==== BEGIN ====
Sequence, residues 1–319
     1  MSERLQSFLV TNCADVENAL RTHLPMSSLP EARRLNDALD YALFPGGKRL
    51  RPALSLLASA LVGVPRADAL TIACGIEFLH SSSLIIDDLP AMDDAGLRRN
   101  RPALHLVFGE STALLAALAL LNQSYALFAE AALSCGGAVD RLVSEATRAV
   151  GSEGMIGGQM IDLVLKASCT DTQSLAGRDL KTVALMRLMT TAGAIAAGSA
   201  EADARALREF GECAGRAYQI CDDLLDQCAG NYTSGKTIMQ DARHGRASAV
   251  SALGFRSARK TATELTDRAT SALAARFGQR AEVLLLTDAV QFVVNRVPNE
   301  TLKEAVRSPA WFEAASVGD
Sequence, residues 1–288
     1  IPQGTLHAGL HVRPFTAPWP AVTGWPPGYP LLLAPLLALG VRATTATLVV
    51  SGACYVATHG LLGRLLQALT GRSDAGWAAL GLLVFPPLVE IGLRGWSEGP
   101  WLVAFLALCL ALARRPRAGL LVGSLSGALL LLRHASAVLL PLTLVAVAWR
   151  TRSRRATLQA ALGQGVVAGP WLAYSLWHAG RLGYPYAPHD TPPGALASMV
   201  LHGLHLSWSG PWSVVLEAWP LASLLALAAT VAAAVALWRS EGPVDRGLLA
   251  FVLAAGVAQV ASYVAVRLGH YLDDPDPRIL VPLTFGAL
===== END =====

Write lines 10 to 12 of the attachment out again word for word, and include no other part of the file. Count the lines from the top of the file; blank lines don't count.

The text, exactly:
     1  IPQGTLHAGL HVRPFTAPWP AVTGWPPGYP LLLAPLLALG VRATTATLVV
    51  SGACYVATHG LLGRLLQALT GRSDAGWAAL GLLVFPPLVE IGLRGWSEGP
   101  WLVAFLALCL ALARRPRAGL LVGSLSGALL LLRHASAVLL PLTLVAVAWR